The first competitive Senate of College Councils presidential race elections in several years ended Thursday with the former executive director winning the highest office.
The Senate serves as the official voice for students in academic affairs by passing resolutions and working as a liaison with the
This is the first time in years there have been two presidential and vice presidential candidates running, said Senate spokesman Michael Morton. Senate elects its officers internally.
“It is unprecedented for Senate as far as I’ve heard, so campaigning has definitely been intense,” Morton said.
President-elect Carisa Nietsche, a Plan II honors senior, said she will focus on finding a way to engage every student on budgetary issues. She said she is confident the College Tuition and Budget Advisory Councils will help Senate give every student the opportunity to have a voice in the budget-setting process.
Senate developed the budget councils last April in response to potential University budget cuts. The budget councils advise college deans about student concerns in the budget-cutting process.
In addition to getting students involved in the budget process, Nietsche said as president, her vision for Senate is to elevate the councils’ impact on campus.
“Senate will have succeeded when there is manpower in Senate resources and every single programming initiative we have and when CTBACs are at the forefront of the discussions about budget cuts,” she said.
When nominated for vice president after his loss in the presidential race, advertising graduate student Blake Baker declined the nomination because of a previous promise to other candidates.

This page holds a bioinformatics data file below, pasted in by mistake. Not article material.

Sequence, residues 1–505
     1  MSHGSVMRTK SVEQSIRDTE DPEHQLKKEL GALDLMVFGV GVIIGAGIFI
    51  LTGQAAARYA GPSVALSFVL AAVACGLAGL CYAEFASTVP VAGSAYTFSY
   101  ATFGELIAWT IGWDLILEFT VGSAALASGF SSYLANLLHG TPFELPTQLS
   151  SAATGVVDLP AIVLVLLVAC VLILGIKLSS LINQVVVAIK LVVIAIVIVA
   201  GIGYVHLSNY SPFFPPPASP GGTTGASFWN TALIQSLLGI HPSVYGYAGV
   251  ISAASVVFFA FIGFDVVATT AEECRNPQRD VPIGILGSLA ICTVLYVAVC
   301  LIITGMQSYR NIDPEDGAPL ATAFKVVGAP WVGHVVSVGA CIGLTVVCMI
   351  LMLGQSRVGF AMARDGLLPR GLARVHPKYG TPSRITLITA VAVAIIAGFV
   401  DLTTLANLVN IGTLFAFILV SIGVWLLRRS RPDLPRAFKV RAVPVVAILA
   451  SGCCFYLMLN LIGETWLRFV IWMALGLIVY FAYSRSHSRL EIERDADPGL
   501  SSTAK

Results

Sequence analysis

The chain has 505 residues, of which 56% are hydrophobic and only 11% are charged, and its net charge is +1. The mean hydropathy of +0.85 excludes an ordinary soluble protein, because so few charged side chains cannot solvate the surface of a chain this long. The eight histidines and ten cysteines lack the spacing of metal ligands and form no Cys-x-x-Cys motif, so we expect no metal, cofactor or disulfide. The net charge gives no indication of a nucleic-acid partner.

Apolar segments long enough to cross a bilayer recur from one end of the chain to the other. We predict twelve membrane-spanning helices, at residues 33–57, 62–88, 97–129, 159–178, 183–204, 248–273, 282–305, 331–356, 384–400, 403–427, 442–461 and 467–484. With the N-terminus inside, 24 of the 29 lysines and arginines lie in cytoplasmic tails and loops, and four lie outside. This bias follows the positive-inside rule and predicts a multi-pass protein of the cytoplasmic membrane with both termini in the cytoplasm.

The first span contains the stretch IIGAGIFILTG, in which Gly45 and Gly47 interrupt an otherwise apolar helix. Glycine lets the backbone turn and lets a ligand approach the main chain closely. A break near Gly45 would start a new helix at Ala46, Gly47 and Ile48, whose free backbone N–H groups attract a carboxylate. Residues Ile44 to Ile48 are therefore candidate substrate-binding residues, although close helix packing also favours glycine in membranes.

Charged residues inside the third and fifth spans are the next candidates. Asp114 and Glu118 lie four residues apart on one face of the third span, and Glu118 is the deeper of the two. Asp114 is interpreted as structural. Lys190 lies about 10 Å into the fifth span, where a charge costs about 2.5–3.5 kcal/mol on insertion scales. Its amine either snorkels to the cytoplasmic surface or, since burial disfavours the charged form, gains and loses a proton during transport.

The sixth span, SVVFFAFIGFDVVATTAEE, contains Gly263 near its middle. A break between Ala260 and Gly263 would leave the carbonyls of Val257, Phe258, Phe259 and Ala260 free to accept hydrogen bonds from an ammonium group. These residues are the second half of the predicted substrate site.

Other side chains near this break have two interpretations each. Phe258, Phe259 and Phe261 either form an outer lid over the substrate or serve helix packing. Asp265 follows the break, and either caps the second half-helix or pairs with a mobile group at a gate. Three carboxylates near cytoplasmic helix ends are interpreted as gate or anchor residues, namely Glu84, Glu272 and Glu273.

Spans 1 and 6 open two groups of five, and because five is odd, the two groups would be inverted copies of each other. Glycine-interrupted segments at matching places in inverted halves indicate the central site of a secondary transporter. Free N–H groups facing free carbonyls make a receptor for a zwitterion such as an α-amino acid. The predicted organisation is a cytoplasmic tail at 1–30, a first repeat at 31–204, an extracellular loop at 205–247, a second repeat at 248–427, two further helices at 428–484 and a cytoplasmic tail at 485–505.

Finance senior Bhargav Srinivasan will take Baker’s place as the council’s financial director, but Baker said he would continue to be instrumental in the councils’ financial realm. Srinivasan defeated finance and history senior Josh Fjelstul.
“I plan to stay around and to continue to support the Senate financial director next year in building upon this foundation,” Baker said.
Vice President-elect Emily Van Duyn said she will make sure the full college councils have the same opportunity and resources as Senate committees to write legislation.
“Senate representatives and even councils in general should have policy-writing resources available to them, encouraging council participation and authorization,” Van Duyn said.
Van Duyn defeated journalism and government senior Jordan Humphreys.
Current Senate president Chelsea Adler said her work on the executive board with each candidate made her confident that the progress Senate made this year would continue.
“Blake was the financial director this year and he’s done a great job, and Carisa was our executive director, which was a new position and she’s really taken that and laid a strong foundation,” Adler said. “I knew that regardless of who won, [Senate] would be in good hands next year, and that’s a great feeling.”
Adler said starting Friday morning, they will have an intensive four-week transition period to prepare the president-elect for next year.
“A lot of it will revolve around the fact that next year is a tuition-setting year, and we need every CTBAC up and running by May, so they can be involved in that tuition-setting process,” she said.